Sometimes though, one of them bangs up against a concept or problem that seems impossible to them. Try as they might, they just cannot figure it out. Their eyes glaze over as a little tear drips down their face. Or, they loudly wail, “I CANNOT do this! It’s WAY TOO HARD!”

My mind is really torn when it comes to things that are “too hard.” On the one hand, I want my children to love school.

Charlotte Mason had a lot of wisdom when she encouraged homeschool parents, “If your child gets bored or overwhelmed with a subject, move on to something else as quickly as possible. Come back to it when they are ready.” (paraphrased)

On the other hand, Tiger Mom makes an excellent point, “nothing is fun until you’re good at it. To get good at anything you have to work, and children on their own never want to work, which is why it is crucial to override their preferences.” Usually we learn to love something once we are good at it.

I had a firsthand experience with this a few months ago. Rose was supposed to write a very simple “article” from an outline.

When I told her it was time to write, she sat at the table with her basic outline in front of her, twirling her pencil in her hand. “Mama, I just can’t do this!” she said, frustration heavy in her voice.

I was really torn. Part of me wondered if she was right. Maybe I was expecting too much. But I also didn’t want to encourage her to quit, so I said she needed to write the first two sentences and that I could giver her some prompts if she needed them.

A few tears trickled down her face as she put pencil to paper. Once the first sentence was finished her mood brightened a little and she set to work on the second.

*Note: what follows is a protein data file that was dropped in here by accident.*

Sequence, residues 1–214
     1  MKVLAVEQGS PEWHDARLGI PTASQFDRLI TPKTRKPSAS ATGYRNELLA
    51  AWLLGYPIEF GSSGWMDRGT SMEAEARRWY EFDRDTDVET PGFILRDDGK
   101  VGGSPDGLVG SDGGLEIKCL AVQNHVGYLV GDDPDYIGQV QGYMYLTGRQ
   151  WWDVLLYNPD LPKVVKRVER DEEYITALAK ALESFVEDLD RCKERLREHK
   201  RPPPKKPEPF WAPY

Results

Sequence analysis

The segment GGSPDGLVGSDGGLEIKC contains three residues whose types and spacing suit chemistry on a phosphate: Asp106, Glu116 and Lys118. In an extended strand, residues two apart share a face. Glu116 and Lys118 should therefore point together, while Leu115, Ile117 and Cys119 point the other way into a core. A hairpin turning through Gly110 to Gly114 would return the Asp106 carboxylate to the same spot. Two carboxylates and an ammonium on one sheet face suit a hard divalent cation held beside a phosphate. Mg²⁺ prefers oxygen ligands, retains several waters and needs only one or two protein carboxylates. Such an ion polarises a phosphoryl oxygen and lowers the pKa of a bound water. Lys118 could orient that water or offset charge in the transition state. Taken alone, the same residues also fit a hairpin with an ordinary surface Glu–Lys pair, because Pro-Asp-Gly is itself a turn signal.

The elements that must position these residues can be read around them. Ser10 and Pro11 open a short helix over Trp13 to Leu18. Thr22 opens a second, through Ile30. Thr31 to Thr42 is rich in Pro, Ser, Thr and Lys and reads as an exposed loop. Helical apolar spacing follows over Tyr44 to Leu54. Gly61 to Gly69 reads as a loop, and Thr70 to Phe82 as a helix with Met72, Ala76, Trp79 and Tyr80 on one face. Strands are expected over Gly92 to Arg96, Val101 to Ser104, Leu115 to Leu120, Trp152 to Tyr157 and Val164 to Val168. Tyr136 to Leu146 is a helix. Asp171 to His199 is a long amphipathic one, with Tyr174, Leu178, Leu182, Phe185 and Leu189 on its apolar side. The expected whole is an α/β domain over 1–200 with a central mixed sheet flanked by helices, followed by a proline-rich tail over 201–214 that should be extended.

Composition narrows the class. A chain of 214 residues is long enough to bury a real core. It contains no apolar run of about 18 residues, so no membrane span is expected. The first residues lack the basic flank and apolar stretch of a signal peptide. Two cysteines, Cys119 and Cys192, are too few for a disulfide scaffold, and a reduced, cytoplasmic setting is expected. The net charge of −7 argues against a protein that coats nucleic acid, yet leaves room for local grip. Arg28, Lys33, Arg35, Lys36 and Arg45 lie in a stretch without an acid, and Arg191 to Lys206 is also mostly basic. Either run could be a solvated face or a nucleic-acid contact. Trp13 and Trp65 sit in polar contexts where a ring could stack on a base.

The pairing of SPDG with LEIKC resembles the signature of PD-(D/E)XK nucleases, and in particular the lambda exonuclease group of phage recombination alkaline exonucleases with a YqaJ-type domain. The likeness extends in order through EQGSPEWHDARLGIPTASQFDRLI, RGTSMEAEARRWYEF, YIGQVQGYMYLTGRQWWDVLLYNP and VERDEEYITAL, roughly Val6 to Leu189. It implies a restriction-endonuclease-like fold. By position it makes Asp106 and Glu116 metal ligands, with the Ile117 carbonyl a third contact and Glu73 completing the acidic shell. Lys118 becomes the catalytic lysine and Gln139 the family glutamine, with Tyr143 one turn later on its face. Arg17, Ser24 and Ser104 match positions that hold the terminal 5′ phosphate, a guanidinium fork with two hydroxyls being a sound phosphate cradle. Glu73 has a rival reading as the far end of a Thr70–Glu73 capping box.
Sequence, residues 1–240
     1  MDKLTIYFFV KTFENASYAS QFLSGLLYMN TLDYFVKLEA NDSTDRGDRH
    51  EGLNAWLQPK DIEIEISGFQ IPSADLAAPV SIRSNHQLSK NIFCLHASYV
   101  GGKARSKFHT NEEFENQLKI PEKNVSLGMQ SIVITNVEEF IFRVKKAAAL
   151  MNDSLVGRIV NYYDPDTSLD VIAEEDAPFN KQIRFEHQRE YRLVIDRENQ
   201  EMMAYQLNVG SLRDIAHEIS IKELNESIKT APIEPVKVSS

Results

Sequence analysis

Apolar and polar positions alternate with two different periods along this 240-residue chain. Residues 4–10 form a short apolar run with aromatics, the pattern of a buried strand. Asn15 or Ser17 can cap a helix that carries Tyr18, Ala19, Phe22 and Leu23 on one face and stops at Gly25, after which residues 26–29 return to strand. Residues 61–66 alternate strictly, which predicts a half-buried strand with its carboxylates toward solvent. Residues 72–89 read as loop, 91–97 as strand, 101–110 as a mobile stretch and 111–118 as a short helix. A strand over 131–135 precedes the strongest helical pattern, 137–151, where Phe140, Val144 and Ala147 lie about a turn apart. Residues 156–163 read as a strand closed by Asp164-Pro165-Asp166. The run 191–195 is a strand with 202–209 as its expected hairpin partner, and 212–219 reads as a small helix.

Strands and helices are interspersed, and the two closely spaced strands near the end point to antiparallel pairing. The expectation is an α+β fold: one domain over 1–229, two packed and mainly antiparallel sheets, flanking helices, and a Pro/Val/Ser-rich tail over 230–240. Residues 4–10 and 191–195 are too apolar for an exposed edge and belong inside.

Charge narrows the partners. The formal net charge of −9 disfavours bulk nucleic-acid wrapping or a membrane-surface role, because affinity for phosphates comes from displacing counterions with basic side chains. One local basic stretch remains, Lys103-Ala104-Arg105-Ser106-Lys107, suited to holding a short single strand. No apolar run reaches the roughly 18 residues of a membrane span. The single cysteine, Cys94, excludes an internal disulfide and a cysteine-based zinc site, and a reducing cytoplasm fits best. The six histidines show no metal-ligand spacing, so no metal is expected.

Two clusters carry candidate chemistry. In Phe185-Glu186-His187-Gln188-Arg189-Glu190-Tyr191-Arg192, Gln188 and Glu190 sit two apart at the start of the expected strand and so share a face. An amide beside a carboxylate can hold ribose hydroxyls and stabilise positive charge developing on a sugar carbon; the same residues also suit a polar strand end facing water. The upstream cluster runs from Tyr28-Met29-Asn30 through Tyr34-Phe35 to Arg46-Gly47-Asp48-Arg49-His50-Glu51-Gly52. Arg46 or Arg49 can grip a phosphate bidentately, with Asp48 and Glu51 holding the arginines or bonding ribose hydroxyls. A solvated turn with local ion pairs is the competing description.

Then I got busy tending to the other children. An hour or so later, she came up to me with her face beaming. “Mama, guess what! I can do it. Want me to read my story to you?”

It wasn’t Shakespeare, but in my totally biased opinion, it was pretty good. Plus, facing the challenge and working past it boosted her confidence and proved that sometimes even hard things can be conquered sentence by sentence.

So, Charlotte Mason or Tiger Mom? I think it depends on the circumstances. Sometimes when something is “too hard” it’s best to back away for the moment and approach it again later.

Other times, by breaking the impossible into bite-sized pieces the impossible not only becomes possible, but an excellent character-building experience.

When there are tears in homeschool

There are few things that have shown me my need of wisdom more than the every day act of teaching my children.

Much as I love the privilege of getting to teach them, in the nitty-gritty reality of daily life, some days we do have tears.

Though sometimes they make me want to throw in the towel, I’ve realized that occasional tears don’t make me a bad homeschool mom, they make me a human in pursuit of a worthwhile goal: joyful, diligent students.

Sometimes the answer to the tears is as simple as an early nap, sometimes the answer demands clearer expectations, and sometimes the answer is a more delicate balance of Tiger Mom and child-led schooling.